Dammed Plans

Dam. Dam. Dam. That’s about as close as I get to swearing. DNDN went back down another 20%. MVIS did too – on the same day. I thought it was more likely that DNDN would pop 20%. I had plans. I’ve had to dam up my optimism for that plan, that plan, and that plan. Dammed, reserved, optimism is better than letting events deplete the hopes for positive possibilities. But in the meantime I am delaying some repairs, paying off my credit card debt more slowly, and watching a vacation turn into a camping trip turn into a staycation. I’m not giving up, but I am developing a dam full of plans. If we have a collective consciousness, is it doing the same?

It’s been a long time since I had good financial news show up and stick. I’m glad to see that the general market is doing well again, though I think it has a long way to go to get back to normal. Unfortunately, my idea of normal is based on the 80s and 90s, not the post 9/11 norm. We continue to recover from the Dismal Decade. I’m beginning to see hints of the Decisive Decade, but many expectations are based on steering extrapolations of pessimism rather than pursuing optimism. With a social mindset of picking between various versions of bad it is possible that we will create a self-fulfilling prophecy. That would be sad globally and it may mean that my personal investing strategy may be undermined. I’m an optimist. I think I am out of style, at least within the financial realm.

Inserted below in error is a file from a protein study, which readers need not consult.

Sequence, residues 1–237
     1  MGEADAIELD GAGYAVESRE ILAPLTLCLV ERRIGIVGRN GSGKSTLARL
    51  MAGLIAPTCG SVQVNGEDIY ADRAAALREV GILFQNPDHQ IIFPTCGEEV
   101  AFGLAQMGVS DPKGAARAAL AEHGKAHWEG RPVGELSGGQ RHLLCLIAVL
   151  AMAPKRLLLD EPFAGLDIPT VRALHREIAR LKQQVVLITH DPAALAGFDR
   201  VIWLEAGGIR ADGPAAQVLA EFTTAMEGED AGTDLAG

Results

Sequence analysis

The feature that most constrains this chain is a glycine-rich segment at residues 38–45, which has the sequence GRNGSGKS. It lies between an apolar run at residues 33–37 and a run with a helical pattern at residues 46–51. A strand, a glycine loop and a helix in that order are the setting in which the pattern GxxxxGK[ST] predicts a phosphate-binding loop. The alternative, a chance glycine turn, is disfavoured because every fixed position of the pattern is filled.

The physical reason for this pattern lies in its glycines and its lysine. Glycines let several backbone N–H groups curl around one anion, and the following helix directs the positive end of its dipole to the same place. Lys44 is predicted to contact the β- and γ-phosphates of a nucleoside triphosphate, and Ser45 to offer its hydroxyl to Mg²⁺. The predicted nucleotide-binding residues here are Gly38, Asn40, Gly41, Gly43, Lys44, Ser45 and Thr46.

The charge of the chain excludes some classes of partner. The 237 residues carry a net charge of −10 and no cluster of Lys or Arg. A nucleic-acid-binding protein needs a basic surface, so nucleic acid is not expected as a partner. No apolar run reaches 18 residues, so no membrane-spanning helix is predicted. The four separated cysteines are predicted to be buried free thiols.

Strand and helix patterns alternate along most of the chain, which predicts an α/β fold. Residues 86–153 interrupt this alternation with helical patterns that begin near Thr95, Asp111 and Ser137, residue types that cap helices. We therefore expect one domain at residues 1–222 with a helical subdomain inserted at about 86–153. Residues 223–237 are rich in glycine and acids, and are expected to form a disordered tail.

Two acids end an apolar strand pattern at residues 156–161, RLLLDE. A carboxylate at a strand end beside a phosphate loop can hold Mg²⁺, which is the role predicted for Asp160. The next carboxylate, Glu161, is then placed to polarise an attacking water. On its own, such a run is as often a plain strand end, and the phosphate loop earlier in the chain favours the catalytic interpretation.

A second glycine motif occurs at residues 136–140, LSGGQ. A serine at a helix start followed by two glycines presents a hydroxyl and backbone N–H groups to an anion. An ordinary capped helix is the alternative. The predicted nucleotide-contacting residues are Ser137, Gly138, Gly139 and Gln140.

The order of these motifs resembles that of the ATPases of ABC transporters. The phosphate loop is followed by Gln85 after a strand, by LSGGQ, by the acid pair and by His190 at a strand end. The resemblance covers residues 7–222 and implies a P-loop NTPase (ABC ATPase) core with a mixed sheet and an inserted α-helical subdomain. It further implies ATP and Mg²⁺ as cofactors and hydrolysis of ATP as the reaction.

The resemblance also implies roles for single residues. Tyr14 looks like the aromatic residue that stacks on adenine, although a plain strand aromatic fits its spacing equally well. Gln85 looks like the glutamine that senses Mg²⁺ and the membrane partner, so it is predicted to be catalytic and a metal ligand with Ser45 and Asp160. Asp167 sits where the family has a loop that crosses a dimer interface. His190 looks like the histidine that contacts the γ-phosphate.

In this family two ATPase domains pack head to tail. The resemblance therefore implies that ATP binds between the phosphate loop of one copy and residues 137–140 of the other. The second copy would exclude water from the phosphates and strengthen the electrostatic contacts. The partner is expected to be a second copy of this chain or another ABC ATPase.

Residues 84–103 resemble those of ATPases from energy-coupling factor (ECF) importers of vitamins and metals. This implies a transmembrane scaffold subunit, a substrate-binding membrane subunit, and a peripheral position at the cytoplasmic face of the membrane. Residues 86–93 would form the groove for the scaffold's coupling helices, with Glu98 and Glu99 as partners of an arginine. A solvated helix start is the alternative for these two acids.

Imagine being wealthy. I’ve been there. I liked it. I learned that I am not much different with over a million than I am with a half or a quarter of that. I was frugal before then, during those times, and continue to live that way. I think that finances fall into phases based on a few categories: improvements, maintenance, repairs, and sustenance.

When there was “more than enough” it was easy to embark upon improvements. Everything else was taken care of and optimism was given a responsibly free run. One project at a time please. That spreads out the spending and allows time to take on the task and enjoy it. Do it well, or at least well enough, and then leisurely do the next.

When there was “enough” there was a balancing act. Bills and such were paid as they came in, and improvements were stretched out or showed up as upgrades during repairs. There is no true “enough” number that is good for all time because there is no way to predict the future. “Enough” is calculated based on assumptions of income and expenses. Windfalls happen. So do unpleasant surprises. It was a comfortably uncertain time.

When there was “almost enough” optimism encouraged dreaming – dreaming because it was cheaper than doing. Bills were paid, but expenses were watched and income was sought. Maintenance is a good idea, because it is usually cheaper than repairs. If things go just right there will be “enough” money, so in the meantime, store those plans somewhere handy and don’t do anything fancy.